Stokes' destiny in his own hands
THIS Sunday, at the appropriately named Easter Road, Robbie Keane will encounter an individual with the capability to become his long-term successor as Ireland's leading striker.
With Anthony Stokes, however, there is always a question mark. It's never that straightforward.
Sure, he is blessed with natural ability, and therefore rich in the wonderfully vague sporting commodity named potential. The problem, however, is a reputation that lingers which is nothing to do with football prowess.
By his own admission, the step back to join Hibernian last summer was a product of his own misadventure. When the Dubliner broke into the English top flight with Sunderland, he was expected to stay there. Instead, he spent a brief time on the carousel before travelling on out again. His departure barely warranted mention. Another day, another kid who failed to live up to the hype.
The opportunity passed him by, with his enigmatic tendencies best summed up in a single sentence by Roy Keane, a man who knows a thing or two about idiosyncrasies. "He could be a top player," mused Keane, "or he could be playing non-league in five years' time."
It would be dangerous, of course, to make definitive pronouncements about the future of Stokes. He is only 21 years of age, although he has generated enough column inches and moved around enough between clubs to leave the assumption that he is older.
The aberrations need to be framed in that context; the lack of punctuality, the proximity to trouble in nightclubs, growing pains in an unforgiving environment where persistent apologies ring hollow.
There will be always be a stigma attached to Stokes unless he knuckles down to shed that tag and earn a second shot at the big time. The tales of his teenage days have been told many times. A prodigious youth who haunted defences around Dublin and brought many an admirer to the front door. Arsenal won the race and greatness was predicted.
Alas, the production line at Arsenal was too crowded so it was in Scotland, on loan with Falkirk, where he made his mark. A record of 16 goals in 18 games turned heads, but failed to sway Arsene Wenger, who decided to cash in.
In his reserve games with the Londoners, Stokes was often dispatched to a wide role, when his supporters insisted he was better deployed playing off the shoulder of the last defender, a debate which followed him through to Sunderland after their £2m offer and an attractive wage packet was enough to head Celtic and Charlton off at the pass.
Sadly, the principal reason for his downfall at the Stadium of Light was more to do with his location off the park rather than on it.
His struggles to make the bus for a game in Barnsley on time, and a fondness for a nightspot named The Glass Spider, were just some of the flashpoints in his difficult relationship with Keane, while failing to show for U-21 duty earned the wrath of Don Givens.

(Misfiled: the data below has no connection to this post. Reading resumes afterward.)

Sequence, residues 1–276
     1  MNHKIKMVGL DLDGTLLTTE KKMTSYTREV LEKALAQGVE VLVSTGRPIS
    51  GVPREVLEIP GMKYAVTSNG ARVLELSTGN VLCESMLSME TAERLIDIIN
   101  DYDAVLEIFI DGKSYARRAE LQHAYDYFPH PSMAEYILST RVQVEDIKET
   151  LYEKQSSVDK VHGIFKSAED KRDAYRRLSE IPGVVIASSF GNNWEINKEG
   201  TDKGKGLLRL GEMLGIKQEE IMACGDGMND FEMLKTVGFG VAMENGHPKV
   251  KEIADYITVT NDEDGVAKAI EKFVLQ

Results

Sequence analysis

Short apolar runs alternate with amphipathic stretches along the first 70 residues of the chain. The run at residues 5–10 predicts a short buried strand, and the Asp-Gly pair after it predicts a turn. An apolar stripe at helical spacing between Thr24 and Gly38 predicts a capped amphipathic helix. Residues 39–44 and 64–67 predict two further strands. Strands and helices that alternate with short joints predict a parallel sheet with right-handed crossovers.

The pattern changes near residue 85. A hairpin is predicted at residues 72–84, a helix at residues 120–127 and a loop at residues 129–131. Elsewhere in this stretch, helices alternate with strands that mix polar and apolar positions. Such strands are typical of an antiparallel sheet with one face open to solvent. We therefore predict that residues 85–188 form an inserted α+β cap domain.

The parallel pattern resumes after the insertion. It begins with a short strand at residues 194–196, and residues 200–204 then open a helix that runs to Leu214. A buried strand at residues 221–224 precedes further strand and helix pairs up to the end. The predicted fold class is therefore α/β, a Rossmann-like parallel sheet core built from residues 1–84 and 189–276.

Unproductive loan periods at Sheffield United and Crystal Palace did little for his standing and Sunderland were content to cut their losses last summer. It was John Hughes, his ex-boss at Falkirk who now manages Hibernian, who was prepared to take a punt.
The switch has proved a resounding success. Wednesday's consolation goal against Dundee United was his 20th in all competitions this season. In truth, the only setback was in September when, regrettably, he found himself in the middle of another nightclub scrap in Edinburgh. Hughes went public on the extent to which he felt let down.
Still, he forgave and forgot, and reaped the benefits. Scoring regularly in England proved beyond Stokes, but it's been no problem north of the border. Earlier this week, Hughes hinted that his all-round game lacked the quality to enforce on a higher plain.
The underlying message was that the young star earned to deliver the champagne moment without putting in the necessary graft outside the area. "His hold-up play and his link-up play has to be better, and he could still work harder," said Hughes. "But when you speak to him, he talks about wanting to play on shoulders and only wanting to go one way. Great, he wants to try and score a goal, but I just want a wee bit more."
An encounter with Robbie Keane this weekend is timely for Stokes. Ireland's record goalscorer is approaching the latter end of his career and, no matter what spin you put on it, his stint in Glasgow is no more than a brief holiday away from the real action.
Stokes is clearly rated by Giovanni Trapattoni who, influenced by the words of Liam Brady, extended call-ups to the senior fold when he was in the dog house with Givens. Nevertheless, he was left out of the squad for the recent friendly with Brazil until Keane's on-off injury saga. Despite his brilliance in the Hibs shirt, he lies behind Championship duo Shane Long and Leon Best in the understudy pecking order.
Long and Best are different animals, though, strong types who are more likely to provide an alternative for Kevin Doyle rather than Keane. Stokes, on the other hand, possesses that unpredictability that can frustrate his own followers on a bad day, and torment opposition defenders on a good one.
Certainly, he has plenty of the attributes to succeed at the highest level, but does he have the desire? The length of his second stay in Scotland will provide the answer.
Hibernian v Celtic
Tomorrow, Sky Sports 3, 1.15